July 31, 2014

HandlerSocket on SSD

We all enjoyed Yoshinori announcement of HandlerSocket, the plugin to MySQL which open NOSQL way to access data stored in InnoDB. The published results are impressive, but I want to understand some, that’s why I run couple more experiments. In blog post Yoshinori used the case when all data fits into memory, and one of […]

Query Response time histogram – new feature in Percona Server

Recently we had couple posts dedicated to performance monitoring, i.e. Color code your performance numbers, Performance Optimization and Six Sigma, so you may understand we consider stability of performance numbers as one of important area for database management. That’s why we decided to add histogram of queries response times into Percona Server, and our software […]

RAID throughput on FusionIO

Along with maximal possible fsync/sec it is interesting how different software RAID modes affects throughput on FusionIO cards. In short conclusion, RAID10 modes really disappoint me, the detailed numbers to follow. To get numbers I run

test with 16KB page size, random read and writes, 1 and 16 threads, O_DIRECT mode. FusionIO cards are […]

fsyncs on software raid on FusionIO

As soon as we get couple FusionIO cards, there is question how to join them in single space for database. FusionIO does not provide any mirroring/stripping solutions and totally relies on OS tools there. So for Linux we have software RAID and LVM, I tried to followup on my post How many fsync / sec […]

Tuning for heavy writing workloads

For the my previous post, there was comment to suggest to test db_STRESS benchmark on XtraDB by Dimitri. And I tested and tuned for the benchmark. I will show you the tunings. It should be also tuning procedure for general heavy writing workloads. At first, <tuning peak performance>. The next, <tuning purge operation> to stabilize […]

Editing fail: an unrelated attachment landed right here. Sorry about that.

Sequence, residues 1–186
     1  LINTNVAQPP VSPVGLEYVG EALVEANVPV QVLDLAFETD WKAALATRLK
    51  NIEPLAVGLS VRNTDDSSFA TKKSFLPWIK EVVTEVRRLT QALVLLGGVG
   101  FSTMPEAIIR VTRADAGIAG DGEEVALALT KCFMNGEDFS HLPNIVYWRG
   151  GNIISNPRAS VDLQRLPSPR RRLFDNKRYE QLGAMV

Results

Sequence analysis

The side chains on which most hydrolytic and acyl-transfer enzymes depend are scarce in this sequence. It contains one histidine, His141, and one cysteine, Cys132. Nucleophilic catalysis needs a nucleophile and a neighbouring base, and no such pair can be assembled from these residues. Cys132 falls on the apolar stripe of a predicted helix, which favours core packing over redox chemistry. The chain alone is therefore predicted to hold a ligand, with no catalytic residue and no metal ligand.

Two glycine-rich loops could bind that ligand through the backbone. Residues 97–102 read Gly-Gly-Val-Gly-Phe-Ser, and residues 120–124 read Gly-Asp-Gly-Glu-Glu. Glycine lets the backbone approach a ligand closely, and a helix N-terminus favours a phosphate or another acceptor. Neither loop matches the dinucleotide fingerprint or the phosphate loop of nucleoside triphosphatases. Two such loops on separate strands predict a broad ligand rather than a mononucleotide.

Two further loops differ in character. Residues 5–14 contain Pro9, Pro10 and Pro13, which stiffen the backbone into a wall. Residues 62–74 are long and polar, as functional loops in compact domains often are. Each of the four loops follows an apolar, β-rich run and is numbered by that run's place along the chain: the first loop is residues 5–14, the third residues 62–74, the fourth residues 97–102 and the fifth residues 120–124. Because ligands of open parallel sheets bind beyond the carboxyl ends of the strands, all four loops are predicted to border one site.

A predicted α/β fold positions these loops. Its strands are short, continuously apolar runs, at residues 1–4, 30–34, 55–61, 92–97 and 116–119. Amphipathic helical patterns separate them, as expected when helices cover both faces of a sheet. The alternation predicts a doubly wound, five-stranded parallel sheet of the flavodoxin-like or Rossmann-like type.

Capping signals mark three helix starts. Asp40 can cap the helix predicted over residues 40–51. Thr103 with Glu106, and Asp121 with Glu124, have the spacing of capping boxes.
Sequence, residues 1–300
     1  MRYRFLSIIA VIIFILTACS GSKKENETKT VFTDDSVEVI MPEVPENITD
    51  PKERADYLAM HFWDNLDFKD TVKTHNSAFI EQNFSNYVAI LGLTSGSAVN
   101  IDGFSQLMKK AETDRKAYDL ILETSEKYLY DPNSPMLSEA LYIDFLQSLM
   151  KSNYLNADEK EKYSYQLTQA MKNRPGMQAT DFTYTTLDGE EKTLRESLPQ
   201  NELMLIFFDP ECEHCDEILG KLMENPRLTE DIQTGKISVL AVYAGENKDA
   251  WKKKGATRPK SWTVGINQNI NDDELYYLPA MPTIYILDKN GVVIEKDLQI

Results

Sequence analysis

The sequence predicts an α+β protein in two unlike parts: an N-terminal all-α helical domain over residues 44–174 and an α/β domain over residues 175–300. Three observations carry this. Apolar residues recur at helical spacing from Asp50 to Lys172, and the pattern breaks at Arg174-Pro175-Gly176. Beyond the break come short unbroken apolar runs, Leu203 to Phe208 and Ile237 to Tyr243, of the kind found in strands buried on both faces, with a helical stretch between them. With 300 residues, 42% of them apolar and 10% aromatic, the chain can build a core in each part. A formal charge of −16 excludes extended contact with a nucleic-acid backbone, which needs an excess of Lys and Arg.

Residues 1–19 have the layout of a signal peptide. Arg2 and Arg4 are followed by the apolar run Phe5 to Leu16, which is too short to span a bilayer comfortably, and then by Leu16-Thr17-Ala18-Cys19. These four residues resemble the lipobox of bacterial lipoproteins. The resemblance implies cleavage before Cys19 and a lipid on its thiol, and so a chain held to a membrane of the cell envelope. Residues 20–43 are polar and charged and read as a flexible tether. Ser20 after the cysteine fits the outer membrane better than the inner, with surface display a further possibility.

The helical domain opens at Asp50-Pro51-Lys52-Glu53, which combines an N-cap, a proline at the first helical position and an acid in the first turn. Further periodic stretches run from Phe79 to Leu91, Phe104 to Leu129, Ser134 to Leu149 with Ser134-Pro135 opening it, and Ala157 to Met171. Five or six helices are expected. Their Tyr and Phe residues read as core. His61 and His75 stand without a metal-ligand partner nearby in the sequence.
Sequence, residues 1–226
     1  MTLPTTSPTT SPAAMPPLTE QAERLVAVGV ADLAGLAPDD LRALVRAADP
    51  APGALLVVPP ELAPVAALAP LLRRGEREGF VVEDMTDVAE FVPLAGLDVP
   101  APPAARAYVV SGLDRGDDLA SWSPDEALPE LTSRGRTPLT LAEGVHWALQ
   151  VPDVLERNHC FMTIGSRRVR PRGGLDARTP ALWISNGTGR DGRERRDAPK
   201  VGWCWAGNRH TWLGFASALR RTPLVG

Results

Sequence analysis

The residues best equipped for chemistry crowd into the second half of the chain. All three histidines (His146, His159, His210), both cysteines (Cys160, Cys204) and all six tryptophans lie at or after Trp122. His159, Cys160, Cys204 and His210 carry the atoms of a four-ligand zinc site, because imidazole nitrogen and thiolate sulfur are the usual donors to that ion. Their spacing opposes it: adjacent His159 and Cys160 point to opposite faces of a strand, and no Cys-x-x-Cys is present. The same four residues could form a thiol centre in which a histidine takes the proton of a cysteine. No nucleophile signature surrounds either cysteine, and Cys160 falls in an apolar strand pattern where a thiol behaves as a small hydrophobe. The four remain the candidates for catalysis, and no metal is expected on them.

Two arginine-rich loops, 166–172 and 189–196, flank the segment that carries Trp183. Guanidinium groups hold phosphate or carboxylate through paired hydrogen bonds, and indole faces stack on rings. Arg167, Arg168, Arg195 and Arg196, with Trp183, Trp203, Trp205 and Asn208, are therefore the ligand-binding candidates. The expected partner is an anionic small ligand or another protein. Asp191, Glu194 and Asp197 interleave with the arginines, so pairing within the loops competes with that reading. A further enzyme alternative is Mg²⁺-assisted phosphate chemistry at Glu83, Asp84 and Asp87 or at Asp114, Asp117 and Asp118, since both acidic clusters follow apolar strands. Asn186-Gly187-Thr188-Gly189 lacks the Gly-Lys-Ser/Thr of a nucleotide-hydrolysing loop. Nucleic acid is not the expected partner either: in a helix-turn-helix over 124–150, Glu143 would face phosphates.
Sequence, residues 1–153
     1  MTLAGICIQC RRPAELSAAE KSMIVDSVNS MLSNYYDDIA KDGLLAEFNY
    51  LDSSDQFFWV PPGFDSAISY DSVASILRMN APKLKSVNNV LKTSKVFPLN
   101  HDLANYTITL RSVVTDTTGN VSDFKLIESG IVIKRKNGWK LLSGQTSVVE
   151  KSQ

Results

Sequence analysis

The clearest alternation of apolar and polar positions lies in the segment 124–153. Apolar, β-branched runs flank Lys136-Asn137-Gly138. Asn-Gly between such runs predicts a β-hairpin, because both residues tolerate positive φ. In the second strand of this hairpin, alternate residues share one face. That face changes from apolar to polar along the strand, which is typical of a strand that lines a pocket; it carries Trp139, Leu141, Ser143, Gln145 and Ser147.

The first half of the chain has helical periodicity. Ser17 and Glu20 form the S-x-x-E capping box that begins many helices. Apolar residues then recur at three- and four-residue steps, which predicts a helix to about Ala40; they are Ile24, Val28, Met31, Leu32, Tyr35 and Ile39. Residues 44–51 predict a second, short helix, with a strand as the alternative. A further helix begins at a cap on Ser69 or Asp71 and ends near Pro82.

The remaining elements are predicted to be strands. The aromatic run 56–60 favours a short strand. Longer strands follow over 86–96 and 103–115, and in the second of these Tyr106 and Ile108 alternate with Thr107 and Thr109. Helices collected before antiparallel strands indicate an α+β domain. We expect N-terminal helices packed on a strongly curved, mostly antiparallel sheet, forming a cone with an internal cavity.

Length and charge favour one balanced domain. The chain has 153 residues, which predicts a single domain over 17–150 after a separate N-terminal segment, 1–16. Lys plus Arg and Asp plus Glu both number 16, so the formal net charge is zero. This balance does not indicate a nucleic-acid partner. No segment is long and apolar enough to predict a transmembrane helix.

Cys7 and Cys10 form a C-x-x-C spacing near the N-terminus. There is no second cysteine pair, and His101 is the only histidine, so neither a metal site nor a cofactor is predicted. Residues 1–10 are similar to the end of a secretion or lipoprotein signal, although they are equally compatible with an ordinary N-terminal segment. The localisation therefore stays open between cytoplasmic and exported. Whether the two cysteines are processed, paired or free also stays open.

Quick comparison of MyISAM, Infobright, and MonetDB

Recently I was doing a little work for a client who has MyISAM tables with many columns (the same one Peter wrote about recently). The client’s performance is suffering in part because of the number of columns, which is over 200. The queries are generally pretty simple (sums of columns), but they’re ad-hoc (can access […]

Just do the math!

One of the most typical reasons for performance and scalability problems I encounter is simply failing to do the math. And these are typically bad one because it often leads to implementing architectures which are not up for job they are intended to solve. Let me start with example to make it clear. Lets say […]

Should you move from MyISAM to Innodb ?

There is significant portion of customers which are still using MyISAM when they come to us, so one of the big questions is when it is feasible to move to Innodb and when staying on MyISAM is preferred ? I generally prefer to see Innodb as the main storage engine because it makes life much […]

MySQL File System Fragmentation Benchmarks

Few days ago I wrote about testing writing to many files and seeing how this affects sequential read performance. I was very interested to see how it shows itself with real tables so I’ve got the script and ran tests for MyISAM and Innodb tables on ext3 filesystem. Here is what I found:

How to estimate time it takes Innodb to Recover ?

Today seems to be Innodb day in our Blog, but well this is the question which pops ups quite frequently in Innodb talks and during consulting engagements. It is well known to get better performance you should normally set innodb_log_file_size large. We however usually recommend caution as it may significantly increase recovery time if Innodb […]